Since President Moon Jae-in’s promise of the new Special Law on Preventing Discrimination against Non-Regular Workers, the government has been working on converting part-time workers to permanent employees. On Aug. 20, a guideline of regular employees in the public sector was announced, aiming to grant regular positions to over 100,000 temporary workers by the end of this year.
In August, each public university formed a Committee of Employee Turnover. While some universities - both public and private - have managed to settle negotiations with custodial staff, improving working conditions of laborers is still an ongoing issue for the rest.
After several labor union protests for a wage raise, Ewha recently agreed to raise this year’s minimum wage from 6,950 won to 7,780 won. While the wagebargaining is done annually, the Office of General Administration stated that they cannot be sure if there will be a wage rise next year.
“I am still unsatisfied with the raised amount, but it is quite a relief that the wage did increase,” said one ECC custodian. “I am a little worried about the wage rise next year and so forth, as nobody knows what will happen.”
Kyung Hee University was the first university to convert nonregular workers to permanent employees. Because they granted the workers with permanent positions two years before the government’s announcement, their guidelines were informally called the “Kyung Hee Model.” The guideline presented on Aug. 20 did not apply to Kyung Hee University as it was required only of public universities. However, the school managed to take on the total number of approximately 135 temporary custodians after establishing their subsidiary company of Industry Collaboration Foundation Techno Holdings. This meant that the subsidiary company would employ the workers for the school instead.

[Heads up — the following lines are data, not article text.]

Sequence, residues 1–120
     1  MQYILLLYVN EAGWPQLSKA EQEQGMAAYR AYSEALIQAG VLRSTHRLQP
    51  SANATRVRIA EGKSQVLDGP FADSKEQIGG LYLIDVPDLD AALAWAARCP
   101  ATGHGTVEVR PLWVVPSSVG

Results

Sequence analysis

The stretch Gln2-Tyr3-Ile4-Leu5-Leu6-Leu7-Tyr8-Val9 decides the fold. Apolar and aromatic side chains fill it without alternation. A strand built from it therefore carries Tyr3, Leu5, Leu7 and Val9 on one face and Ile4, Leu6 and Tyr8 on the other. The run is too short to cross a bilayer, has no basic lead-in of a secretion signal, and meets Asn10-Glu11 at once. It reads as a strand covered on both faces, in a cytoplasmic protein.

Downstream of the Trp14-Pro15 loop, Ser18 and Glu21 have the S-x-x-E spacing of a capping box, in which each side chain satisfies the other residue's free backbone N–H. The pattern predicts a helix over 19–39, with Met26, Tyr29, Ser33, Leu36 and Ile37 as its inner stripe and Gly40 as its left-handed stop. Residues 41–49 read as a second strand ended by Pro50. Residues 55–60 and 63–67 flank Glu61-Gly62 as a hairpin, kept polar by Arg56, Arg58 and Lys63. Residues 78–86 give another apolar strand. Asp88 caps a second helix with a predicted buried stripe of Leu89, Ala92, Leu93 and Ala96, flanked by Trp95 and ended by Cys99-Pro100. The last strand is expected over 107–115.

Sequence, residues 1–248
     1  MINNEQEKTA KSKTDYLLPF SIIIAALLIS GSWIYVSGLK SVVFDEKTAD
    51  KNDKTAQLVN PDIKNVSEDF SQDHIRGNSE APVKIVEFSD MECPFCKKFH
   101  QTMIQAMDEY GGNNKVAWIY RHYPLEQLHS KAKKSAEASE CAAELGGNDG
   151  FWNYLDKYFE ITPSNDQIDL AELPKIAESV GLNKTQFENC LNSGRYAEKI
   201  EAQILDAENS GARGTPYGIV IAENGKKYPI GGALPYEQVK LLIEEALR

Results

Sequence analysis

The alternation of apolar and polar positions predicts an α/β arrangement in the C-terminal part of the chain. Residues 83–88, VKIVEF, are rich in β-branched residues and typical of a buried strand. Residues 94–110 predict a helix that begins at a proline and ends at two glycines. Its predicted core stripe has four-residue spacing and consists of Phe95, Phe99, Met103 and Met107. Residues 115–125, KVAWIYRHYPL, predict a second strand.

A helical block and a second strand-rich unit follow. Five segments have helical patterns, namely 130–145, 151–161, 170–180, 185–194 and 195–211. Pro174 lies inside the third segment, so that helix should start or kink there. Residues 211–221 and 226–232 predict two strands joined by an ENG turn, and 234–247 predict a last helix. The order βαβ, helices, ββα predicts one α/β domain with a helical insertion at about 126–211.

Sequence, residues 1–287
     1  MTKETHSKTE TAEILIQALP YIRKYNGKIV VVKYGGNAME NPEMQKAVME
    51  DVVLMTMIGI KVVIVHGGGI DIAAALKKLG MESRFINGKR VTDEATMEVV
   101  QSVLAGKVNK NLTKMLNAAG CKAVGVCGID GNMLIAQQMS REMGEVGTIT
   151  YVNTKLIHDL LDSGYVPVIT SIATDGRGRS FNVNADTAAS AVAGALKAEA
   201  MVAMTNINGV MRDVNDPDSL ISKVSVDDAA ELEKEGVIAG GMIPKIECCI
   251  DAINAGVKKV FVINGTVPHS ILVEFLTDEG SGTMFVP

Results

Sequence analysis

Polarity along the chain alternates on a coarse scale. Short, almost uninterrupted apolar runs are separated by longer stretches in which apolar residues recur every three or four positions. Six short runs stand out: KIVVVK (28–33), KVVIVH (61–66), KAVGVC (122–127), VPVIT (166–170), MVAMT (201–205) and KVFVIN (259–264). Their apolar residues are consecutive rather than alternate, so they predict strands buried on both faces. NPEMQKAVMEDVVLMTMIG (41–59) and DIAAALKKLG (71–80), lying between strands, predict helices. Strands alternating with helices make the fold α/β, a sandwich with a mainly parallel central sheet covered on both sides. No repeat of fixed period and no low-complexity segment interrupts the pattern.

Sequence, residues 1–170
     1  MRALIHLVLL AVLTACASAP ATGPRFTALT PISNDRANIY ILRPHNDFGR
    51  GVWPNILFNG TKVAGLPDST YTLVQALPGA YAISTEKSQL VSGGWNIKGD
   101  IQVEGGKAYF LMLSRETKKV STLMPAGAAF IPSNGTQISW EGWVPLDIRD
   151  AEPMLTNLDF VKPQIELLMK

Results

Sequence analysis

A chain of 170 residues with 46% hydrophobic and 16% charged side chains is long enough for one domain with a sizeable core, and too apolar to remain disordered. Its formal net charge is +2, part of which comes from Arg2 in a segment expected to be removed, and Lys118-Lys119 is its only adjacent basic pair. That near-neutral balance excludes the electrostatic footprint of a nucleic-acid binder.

“Ever since the establishment of School Custodians Union in 2011, many students including the student council came together to form a joint committee titled ‘Accompany (Dong Haeng),’” said Jaju, Kyung Hee’s 49th student council. “During the union strike students supported the workers by participating in the press conference and learning more about their labor conditions.”
However, the labor unions and the student council are still working on achieving direct employment as the subsidiary company might bring disadvantage to the workers.
Although indirect employment through the affiliated company has some merits, such as a stabilized environment, it also has financial drawbacks as the company has to pay about 10 percent of value added tax and their own maintenance. After the necessary payments, the company would be left with little profit, limiting them from making improvements for the laborers’ wages and working conditions. Nonetheless, Kyung Hee aims to show other schools that there can be other ways to help unions to achieve better working conditions.
There have been some changes in other universities as well. After several negotiations with the unions, KAIST, Duksung Women’s University, and Kwangwoon University have decided to add 830 won to the current minimum wage.
Laborers in other universities had to gather for many more protests to reach a raise. During a heated protest in July at Yonsei University, the head of Office of General Administration who was to solve the problem, did not show up in his office, and the school’s main building was shut down. Although the union has been insisting a 830 won raise since January, the school suggested only 100 won. After the wage increases of other universities, students also stood to support them. As a result, Yonsei finally accepted the 830 won wage rise on Aug. 18.
“It is a relief now that the employees are able to work under better conditions, and I feel so much admiration for their persistence of standing up for their rights,” said Ahn, a Yonsei freshman. “I hope the school continues to maintain a wellrounded relationship with the union.”